Such reasoning is inapplicable to the present case as the $5,000 was an amount owed by the landlord to the tenants and not rent which had become due and payable prior to the tenants' default.

The trial court's finding of "abandonment" by the tenants does not, in our opinion, solve the problem. "Abandonment" is a termination of the lease by an intentional relinquishment of a known right. Moore v. United Elkhorn Mines, 64 Or. 342, 350, 127 P. 964, 130 P. 640 (1913). The Notzes did intend to terminate the tenancy; however, there is no evidence that they intended to give up their right to receive the balance of the purchase price.

Viewed strictly as a problem of contract law, the plaintiff is not entitled to recover because the default of the Notzes rendered it impossible for the defendants to pay by the method contracted. It is suggested, however, that a judgment in favor of the defendants would be in effect the enforcement of a forfeiture and the law against unjust enrichment prohibits enforcing such a forfeiture.

Assuming, without deciding, that the plaintiff can rely upon the theory of unjust enrichment, the facts in this case do not show that any unjust enrichment would occur if judgment is entered for the defendants.

The law of unjust enrichment is that the measure of the plaintiff's recovery is the amount by which the landlords would otherwise have been enriched. In circumstances such as those here, this amount is measured by the reasonable value of the property received, not the contract price for the property. 2 Restatement 631, Contracts § 357, Comment on Subsection (3); Carlo Bianchi & Co. v. Builders' Equipment & Sup. Co., 347 Mass. 636, 199 N.E.2d 519, 528 (1964).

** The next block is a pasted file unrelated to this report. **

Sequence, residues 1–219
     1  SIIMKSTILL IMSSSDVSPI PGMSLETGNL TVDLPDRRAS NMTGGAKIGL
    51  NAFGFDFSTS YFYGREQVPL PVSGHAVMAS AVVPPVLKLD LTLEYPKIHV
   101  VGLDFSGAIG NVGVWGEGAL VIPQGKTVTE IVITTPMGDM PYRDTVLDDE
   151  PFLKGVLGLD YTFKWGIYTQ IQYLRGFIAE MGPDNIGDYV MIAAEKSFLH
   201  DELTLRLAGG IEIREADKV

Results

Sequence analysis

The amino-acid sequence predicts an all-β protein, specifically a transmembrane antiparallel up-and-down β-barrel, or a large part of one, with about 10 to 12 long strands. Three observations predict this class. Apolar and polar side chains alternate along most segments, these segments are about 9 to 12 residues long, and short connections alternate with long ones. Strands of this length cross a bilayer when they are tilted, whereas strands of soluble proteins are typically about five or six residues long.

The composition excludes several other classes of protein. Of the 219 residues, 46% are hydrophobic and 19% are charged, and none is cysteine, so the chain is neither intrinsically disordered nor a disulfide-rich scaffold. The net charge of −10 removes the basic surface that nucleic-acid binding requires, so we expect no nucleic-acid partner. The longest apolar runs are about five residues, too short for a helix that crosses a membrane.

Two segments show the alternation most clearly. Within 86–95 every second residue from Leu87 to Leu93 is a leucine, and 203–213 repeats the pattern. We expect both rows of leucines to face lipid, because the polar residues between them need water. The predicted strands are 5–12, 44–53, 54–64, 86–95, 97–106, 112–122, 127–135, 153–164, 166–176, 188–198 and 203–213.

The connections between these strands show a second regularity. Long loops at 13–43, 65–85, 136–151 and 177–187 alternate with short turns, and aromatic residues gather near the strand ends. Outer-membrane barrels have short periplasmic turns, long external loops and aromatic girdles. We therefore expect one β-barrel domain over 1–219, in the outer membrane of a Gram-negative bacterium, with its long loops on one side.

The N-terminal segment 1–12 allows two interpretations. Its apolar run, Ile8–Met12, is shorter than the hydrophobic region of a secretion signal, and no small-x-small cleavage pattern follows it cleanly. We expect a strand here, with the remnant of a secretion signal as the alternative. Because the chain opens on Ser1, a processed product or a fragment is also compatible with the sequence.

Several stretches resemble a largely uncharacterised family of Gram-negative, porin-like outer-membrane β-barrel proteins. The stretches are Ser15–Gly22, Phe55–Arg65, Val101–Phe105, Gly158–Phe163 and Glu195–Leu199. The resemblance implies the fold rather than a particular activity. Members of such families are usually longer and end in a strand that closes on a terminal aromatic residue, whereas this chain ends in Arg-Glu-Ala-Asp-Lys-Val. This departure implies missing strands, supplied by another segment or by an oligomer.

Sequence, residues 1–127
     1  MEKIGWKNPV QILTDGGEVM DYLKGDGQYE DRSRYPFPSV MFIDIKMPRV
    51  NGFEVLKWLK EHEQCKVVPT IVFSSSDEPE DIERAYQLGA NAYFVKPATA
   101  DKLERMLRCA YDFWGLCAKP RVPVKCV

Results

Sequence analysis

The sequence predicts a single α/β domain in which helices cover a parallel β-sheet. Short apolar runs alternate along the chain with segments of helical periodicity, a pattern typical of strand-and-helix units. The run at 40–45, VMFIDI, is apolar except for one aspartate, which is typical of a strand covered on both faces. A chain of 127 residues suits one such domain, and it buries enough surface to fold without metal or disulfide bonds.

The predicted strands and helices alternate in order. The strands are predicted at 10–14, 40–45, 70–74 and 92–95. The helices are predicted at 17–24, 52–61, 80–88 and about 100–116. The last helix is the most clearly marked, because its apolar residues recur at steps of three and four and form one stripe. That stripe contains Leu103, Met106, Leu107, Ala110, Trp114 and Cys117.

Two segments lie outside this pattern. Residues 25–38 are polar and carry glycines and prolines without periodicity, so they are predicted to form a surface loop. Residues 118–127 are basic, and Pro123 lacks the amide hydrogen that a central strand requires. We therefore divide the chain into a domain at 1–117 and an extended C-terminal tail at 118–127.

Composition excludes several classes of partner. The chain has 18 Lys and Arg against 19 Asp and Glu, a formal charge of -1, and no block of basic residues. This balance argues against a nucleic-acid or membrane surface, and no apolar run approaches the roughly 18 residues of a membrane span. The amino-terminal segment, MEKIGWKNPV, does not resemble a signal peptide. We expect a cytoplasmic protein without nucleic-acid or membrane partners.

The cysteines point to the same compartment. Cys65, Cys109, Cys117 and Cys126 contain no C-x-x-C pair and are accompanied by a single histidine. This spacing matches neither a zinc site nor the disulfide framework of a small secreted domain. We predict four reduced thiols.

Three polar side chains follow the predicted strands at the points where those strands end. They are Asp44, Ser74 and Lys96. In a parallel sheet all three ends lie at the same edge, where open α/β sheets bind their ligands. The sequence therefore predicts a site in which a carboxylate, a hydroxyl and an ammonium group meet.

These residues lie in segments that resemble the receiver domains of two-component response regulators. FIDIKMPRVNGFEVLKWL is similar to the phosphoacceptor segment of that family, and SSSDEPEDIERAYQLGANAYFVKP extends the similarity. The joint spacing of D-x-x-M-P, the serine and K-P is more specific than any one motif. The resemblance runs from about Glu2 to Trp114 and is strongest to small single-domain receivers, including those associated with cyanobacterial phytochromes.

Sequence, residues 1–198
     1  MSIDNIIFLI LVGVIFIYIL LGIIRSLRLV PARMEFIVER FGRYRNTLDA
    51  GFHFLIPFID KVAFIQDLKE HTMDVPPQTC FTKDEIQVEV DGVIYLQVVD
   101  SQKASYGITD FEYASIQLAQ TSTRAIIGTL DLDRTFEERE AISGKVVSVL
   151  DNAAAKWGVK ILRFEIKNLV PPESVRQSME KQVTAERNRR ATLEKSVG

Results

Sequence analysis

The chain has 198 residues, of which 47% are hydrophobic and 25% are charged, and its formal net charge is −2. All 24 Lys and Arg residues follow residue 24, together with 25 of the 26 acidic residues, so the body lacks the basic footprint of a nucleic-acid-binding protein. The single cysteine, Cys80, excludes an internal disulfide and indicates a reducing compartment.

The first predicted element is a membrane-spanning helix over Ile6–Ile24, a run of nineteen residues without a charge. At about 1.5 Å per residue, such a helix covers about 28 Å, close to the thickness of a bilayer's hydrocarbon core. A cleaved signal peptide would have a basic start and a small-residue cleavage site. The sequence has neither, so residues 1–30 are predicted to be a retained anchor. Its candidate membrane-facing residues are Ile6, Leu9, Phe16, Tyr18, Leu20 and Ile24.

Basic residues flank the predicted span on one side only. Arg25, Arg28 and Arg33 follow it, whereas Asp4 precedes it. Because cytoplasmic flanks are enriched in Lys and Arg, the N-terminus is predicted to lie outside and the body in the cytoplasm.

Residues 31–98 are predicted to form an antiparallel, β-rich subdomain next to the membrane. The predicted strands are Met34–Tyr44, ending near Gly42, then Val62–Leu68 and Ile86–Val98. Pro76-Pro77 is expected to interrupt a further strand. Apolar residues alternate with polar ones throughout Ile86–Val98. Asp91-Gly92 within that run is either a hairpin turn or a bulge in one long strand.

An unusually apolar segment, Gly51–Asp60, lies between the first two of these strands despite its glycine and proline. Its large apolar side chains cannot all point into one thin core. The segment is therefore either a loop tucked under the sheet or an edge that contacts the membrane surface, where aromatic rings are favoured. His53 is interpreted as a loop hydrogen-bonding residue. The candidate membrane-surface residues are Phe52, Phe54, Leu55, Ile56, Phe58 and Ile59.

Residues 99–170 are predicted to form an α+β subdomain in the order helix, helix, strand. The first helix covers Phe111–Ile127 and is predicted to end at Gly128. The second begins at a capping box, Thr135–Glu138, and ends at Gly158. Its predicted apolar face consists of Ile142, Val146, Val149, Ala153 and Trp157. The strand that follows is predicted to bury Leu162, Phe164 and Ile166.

In the present case the plaintiff introduced no specific evidence of the value of the building except the contract price. However, the defendant Ernest Bembry testified without contradiction that if he were purchasing the building without a tenant and a lease, he would have paid only $7,000 for the building, rather than $12,000. Upon this basis the defendants will not be unjustly enriched by retaining the building without further payments as they have already paid the Notzes $7,000, and defendants admittedly incurred some expenses because of the tenants' default. The Restatement comments: "In determining this enrichment, doubts are resolved in favor of the defendant as the injured party [injured by the default of plaintiff]." 2 Restatement, supra, § 357, p. 631.

The defendants have cross-appealed contending that the trial court erred in not awarding them attorney fees pursuant to the lease. The lease provides:

"In the event that it is necessary to bring an action at law or suit in equity to establish, obtain or enforce any right by either of the parties under this lease, then the prevailing party in such action or suit shall be entitled to a reasonable attorney's fee allowance, as well as costs and disbursements of the suit or action."

The trial court was of the opinion that this was not an action "to establish, obtain or enforce any right by either of the parties under this lease * * *" We agree. The defendants contended, and rightfully so, in defending against plaintiff's claim, that the lease had terminated. The plaintiff was not attempting to enforce the lease which provided that the balance of the purchase price should be paid by permitting occupancy by payment of only a part of the rental. The plaintiff was attempting to collect the unpaid balance of the purchase price for the sale of the building.

We have adopted a narrow policy on the allowance of attorney fees and held that they will not be allowed unless expressly authorized by a statute or a contract. *154 See Adair v. McAtee, 236 Or. 391, 393, 385 P.2d 621, 388 P.2d 748 (1964), in which attorney fees were not allowed on appeal when the contract did not so expressly provide.



[*] Perry, C.J., did not participate in this decision.